Also likely to slow economic growth is China’s demographic crisis. As countries develop and industrialize, they have fewer children because less labor is needed in the agricultural sector and greater numbers of children raise costs to individual families. Thus, many developed countries around the world have declining birthrates. However, China’s problem is much worse because of the Communist Party’s disastrous “one-child policy,” which was revoked only after it had exacerbated the demographic crisis.
Furthermore, China has restive ethnic inhabitants of Xinjiang and Tibet and a politically unruly pro-democracy population in Hong Kong, which China is suppressing in violation of its promise to allow a “One China, Two Systems” approach. Such fractious populations weaken China internally.
China’s neighbors have complained about its more assertive behavior in the South China Sea, where it claims a ridiculous amount of the waters as its own and builds artificial islands to stretch its tenuous claims. However, as a rising power—which the United States would be wise to tolerate as long the Chinese do not threaten the United States—China should be allowed to have a sphere of influence, as most great powers throughout history have demanded for their security. Any threat China poses is primarily to surrounding regions and perhaps Taiwan. The United States should stay out of intra-Asian territorial disputes, including Taiwan, but could continue to sell weapons to all nations in the region to defend themselves against any Chinese assertiveness, using a porcupine strategy that could deter China from outright aggression.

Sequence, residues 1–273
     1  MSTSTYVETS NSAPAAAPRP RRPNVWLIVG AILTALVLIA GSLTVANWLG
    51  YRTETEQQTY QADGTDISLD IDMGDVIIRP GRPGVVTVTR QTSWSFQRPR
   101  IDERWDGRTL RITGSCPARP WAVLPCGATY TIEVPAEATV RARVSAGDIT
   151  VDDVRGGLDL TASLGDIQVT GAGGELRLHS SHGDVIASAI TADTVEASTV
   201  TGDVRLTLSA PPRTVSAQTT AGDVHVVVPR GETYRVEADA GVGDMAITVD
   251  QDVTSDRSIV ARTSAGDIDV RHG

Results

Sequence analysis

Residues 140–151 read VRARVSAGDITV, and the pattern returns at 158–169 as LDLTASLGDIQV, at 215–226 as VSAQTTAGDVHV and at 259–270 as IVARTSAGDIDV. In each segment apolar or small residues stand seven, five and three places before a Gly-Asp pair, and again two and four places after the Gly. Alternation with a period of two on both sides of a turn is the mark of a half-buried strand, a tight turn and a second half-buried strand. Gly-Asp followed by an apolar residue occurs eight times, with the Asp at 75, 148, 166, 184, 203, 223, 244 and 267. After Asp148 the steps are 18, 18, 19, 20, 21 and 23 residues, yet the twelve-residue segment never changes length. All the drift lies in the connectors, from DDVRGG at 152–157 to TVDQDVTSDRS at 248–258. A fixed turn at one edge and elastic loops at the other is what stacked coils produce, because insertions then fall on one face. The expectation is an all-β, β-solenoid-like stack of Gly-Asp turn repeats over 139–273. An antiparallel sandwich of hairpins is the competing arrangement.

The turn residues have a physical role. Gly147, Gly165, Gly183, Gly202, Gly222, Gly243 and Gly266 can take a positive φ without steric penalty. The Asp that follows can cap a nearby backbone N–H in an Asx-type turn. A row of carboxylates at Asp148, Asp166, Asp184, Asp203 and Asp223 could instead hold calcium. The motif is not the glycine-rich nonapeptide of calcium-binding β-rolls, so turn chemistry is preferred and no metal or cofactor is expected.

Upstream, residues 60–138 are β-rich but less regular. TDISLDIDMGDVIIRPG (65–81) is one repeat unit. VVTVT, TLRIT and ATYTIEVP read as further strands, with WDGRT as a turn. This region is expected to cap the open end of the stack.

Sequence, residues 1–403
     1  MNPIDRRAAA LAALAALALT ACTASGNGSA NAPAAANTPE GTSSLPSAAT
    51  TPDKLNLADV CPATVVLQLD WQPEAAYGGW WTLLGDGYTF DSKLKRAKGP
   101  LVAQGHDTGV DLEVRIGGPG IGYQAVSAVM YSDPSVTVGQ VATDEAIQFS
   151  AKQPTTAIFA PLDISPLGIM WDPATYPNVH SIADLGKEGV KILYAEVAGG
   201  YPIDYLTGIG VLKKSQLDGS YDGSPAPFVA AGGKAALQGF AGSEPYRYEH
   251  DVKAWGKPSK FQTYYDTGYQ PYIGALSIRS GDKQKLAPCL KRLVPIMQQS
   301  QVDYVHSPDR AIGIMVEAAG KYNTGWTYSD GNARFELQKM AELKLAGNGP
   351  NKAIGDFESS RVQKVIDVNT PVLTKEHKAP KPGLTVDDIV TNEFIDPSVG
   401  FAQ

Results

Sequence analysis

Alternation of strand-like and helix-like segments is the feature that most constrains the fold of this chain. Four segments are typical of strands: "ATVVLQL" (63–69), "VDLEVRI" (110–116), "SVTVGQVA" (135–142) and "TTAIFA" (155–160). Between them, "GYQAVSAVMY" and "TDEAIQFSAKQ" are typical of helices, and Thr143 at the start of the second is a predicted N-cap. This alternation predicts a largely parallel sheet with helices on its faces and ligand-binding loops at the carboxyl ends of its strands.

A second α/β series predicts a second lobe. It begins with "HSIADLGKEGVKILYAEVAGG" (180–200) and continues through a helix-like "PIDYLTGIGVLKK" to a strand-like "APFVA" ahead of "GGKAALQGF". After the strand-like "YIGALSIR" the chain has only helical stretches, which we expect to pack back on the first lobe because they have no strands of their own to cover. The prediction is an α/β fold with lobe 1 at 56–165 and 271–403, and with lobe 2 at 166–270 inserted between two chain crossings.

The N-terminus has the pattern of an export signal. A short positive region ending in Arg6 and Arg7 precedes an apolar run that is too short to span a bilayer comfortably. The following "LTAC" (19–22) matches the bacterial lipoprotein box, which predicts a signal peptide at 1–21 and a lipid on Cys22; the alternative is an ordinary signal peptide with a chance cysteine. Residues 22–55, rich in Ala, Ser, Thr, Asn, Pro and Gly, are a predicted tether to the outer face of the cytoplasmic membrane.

China’s military threat is mostly to such areas in its “near abroad.” The U.S. security establishment has done much hand wringing about the Chinese economic “Belt and Road” initiative to win friends around the world by building infrastructure projects. However, paraphrasing Betty White, the program is really a colossal waste of Chinese time (and money), with “beneficiary” nations ensnared in debt traps for state-driven boondoggle projects that may even impair economic development. Perhaps the United States should be hoping the Chinese will continue to waste and dissipate their resources on such white elephants.
In short, the United States should manage China’s rise instead of trying to suppress the inevitable. And the American public should not allow its own security establishment to overhype the threat, as it did during the Cold War, to justify spending extravagantly on excessively high military budgets. Such profligate spending can cut into the American economic growth needed to maintain itself as a superpower.
Ivan Eland is senior fellow at the Independent Institute and director of the Independent Institute’s Center on Peace & Liberty. He is the author of War and the Rogue Presidency: Restoring the Republic after Congressional Failure.